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What the Nebraska Deer Hunting Experience is Like

The morning air is crisp and cold.

The stalks of corn stubble and hardwood trees along the river bottom stand as stalwarts; motionless and silent. The scene offers a picturesque postcard setting against the slowly lightening predawn sky.

An emerging mid-November sunrise on a firearm deer hunt along the Elkhorn River in southeastern Nebraska. Photo by Greg Wagner/Nebraska Game and Parks Commission
The sounds of wildlife awakening for the day can now be heard along the river bottom.

A raucous calamity of crows is off in the distance. Two fox squirrels squabble amid the leaves on the woodland floor along the edge of the cornfield. A dark-eyed junco captures the attention in a tree.

A dark-eyed junco is spotted in a tree during a firearm deer hunt in southeast Nebraska. Photo by Greg Wagner/Nebraska Game and Parks Commission.
In the trees, wild turkeys can be heard flying down from their night roost in old-growth cottonwoods; greeting the first full rays of the sun.

Suddenly, and without sound, an adult white-tailed deer buck emerges. Its  curved antlers are vividly apparent.

A buck deposits scent from his forehead above a scrape in rural Cass County, NE. Photo by Eric Fowler of NEBRASKAland Magazine/Nebraska Game and Parks Commission.

The hunter, clad in a blaze orange cap and vest, sitting on a folding camp chair in the camouflaged portable ground blind, freezes.

He is hardly breathing. The adrenaline is beginning to flow in his body. He plants his tripod shooting apparatus firmly on the thin carpeted floor of the blind.

He then places the rifle securely on the tripod. The grip on the rifle is tightened. The hunter bears down on the firearm. The shot to be made is a safe one.

He begins to hone in on the buck positioning the crosshairs of the rifle scope squarely behind the front shoulder of the animal.

Slowly he begins to squeeze the trigger. Boom!

This is what hunting is all about — the experience. It is one of, if not the most, essential elements of hunting.

Some think hunting is only about killing a game animal. Nothing could be further from the truth.

The taking of that game animal involves only a split second.

Far more time — innumerable hours — will be spent by the hunter surrounded by and observing nature. Not much compares to the beauty, serenity and adventure of being in nature and waiting for game like deer.

For many of us in the Nebraska outdoor community, hunting is an autumn experience that can be compared to the atmosphere of a Husker game day in Memorial Stadium.

Like going to a Nebraska football game in Lincoln, the experience of hunting is about a lot of things.

Sure, it is the ambiance, the feeling of great enthusiasm and eagerness. But it is also the tradition, the camaraderie of family and friends and the entire process. It creates memories that a person will carry well into their senior years.

Hunting is about being with family and friends! I always enjoy firearm deer hunting with my cousin, Mark Hintz of Gretna, NE on his family’s farm in southeast Nebraska. Photo by Greg Wagner/Nebraska Game and Parks Commission.

It’s also about understanding the importance of good habitat, biodiversity (that all living things are interconnected) and the role we play in the natural cycle of life, death and wildlife management.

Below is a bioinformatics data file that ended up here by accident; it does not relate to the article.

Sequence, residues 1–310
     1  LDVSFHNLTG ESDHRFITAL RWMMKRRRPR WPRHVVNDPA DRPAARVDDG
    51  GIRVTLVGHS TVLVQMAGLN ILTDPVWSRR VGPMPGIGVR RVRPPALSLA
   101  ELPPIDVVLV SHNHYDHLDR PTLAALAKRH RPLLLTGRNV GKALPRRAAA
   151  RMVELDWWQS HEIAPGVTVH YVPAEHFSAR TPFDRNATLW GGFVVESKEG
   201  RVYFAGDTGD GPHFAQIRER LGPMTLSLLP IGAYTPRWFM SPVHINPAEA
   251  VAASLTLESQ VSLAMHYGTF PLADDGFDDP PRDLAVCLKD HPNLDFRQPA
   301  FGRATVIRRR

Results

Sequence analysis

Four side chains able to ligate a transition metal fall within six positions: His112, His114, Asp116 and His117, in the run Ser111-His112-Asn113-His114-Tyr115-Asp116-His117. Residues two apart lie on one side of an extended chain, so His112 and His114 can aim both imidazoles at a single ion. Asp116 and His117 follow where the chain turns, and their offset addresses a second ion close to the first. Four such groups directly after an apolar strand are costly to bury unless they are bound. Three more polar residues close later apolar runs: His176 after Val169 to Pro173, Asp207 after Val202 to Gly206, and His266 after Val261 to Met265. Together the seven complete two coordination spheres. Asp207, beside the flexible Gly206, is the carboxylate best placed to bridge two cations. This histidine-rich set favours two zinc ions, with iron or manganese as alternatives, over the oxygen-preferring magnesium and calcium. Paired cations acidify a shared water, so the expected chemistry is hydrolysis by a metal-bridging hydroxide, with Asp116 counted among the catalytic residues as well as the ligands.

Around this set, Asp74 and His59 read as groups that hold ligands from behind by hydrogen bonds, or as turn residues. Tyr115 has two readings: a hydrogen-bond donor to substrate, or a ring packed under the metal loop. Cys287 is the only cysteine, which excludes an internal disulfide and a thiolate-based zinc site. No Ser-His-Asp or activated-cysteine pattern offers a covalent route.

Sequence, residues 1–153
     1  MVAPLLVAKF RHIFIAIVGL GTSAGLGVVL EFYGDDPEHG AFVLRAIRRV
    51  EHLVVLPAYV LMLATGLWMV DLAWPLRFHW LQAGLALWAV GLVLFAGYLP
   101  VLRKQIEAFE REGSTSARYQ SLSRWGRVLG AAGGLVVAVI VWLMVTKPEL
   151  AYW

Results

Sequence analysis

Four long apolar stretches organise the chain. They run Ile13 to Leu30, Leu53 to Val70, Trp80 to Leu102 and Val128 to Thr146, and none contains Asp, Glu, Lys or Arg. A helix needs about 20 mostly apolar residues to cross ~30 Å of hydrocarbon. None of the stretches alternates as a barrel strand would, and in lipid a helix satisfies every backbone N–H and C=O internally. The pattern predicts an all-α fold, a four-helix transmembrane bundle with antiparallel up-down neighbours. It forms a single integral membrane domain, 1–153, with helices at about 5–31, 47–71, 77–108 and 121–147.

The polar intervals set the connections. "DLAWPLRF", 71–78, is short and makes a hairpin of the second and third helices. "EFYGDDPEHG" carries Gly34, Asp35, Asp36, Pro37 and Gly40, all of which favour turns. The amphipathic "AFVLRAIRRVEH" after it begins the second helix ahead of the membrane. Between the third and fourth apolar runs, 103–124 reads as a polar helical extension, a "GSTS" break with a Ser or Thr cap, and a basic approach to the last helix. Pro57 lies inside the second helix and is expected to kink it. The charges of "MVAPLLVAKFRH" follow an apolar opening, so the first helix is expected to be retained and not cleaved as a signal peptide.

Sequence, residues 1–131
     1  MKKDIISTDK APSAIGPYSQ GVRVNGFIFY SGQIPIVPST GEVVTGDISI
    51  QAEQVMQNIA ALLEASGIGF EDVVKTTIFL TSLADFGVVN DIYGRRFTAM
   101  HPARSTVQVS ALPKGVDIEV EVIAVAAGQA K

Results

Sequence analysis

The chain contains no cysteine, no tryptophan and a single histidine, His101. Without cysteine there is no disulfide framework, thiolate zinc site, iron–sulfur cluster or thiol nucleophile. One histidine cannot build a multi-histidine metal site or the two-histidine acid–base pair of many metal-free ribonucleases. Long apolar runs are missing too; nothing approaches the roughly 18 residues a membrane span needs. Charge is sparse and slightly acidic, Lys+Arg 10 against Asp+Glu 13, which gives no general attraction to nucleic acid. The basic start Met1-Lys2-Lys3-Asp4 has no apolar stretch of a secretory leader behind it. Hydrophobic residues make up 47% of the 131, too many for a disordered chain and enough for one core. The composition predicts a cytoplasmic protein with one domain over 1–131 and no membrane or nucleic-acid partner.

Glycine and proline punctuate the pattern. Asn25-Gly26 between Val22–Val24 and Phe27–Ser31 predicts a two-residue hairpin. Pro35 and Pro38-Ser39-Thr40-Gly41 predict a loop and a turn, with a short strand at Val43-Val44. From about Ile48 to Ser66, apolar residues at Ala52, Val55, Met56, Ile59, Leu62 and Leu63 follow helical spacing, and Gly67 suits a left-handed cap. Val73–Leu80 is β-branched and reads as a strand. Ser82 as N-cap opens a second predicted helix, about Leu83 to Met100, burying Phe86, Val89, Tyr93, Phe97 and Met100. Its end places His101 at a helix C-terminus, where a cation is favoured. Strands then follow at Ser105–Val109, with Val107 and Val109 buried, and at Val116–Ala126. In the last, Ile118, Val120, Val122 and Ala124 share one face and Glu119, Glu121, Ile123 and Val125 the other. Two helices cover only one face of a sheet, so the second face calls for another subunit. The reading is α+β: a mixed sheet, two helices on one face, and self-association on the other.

The hunting experience is truly a celebration of America’s freedom and the North American Model of Conservation.

The hunting experience allows for one to fully escape the concrete jungle, the hustle and bustle of everyday life filled with modern technological devices.

The challenge of the hunting experience is one that is unmatched.

There are factors such as ever-changing weather and climatic conditions coupled with the attempt to draw a wild game animal such as a deer close enough for a shot on its home turf. The odds are not in the hunter’s favor.

So harvesting a free-ranging, healthy wild game animal for the dinner table is purely a bonus for which we, as hunters, are extremely grateful!

Deer management at work. Your blogger took this nice, adult white-tailed doe today in rural southeast Nebraska during the 2022 firearm season. It will be great eating. I am extremely grateful! Photo by Rob Schutte of Gretna, NE.
The morning air is crisp and cold. The stalks of corn stubble and hardwood trees along the river bottom stand as stalwarts; motionless and silent. The scene offers a picturesque postcard setting against the slowly lightening predawn sky. The sounds of wildlife awakening for the day can now be heard along the river bottom. A raucous calamity of crows is off in the distance. Two fox squirrels squabble amid the leaves on the woodland floor along the edge of the cornfield. A dark-eyed junco captures the attention in a tree. In the trees, wild turkeys can be heard flying down from their night roost in old-growth cottonwoods;…

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About greg wagner

A native of Gretna, NE, a graduate of Gretna High School and Bellevue University, Greg Wagner currently serves as the Communications and Marketing Specialist and Manager for the Nebraska Game and Parks Commission's Service Center in Omaha. On a weekly basis, Wagner can be heard on a number of radio stations, seen on local television in Omaha, and on social media channels, creatively conveying natural resource conservation messages as well as promoting outdoor activities and destinations in Nebraska. Wagner, whose career at Game and Parks began in 1979, walks, talks, lives, breathes and blogs about Nebraska’s outdoors. He grew up in rural Gretna, building forts in the woods, hunting, fishing, collecting leaves, and generally thriving on constant outdoor activity. One of the primary goals of his blog is to get people, especially young ones, to have fun and spend time outside!

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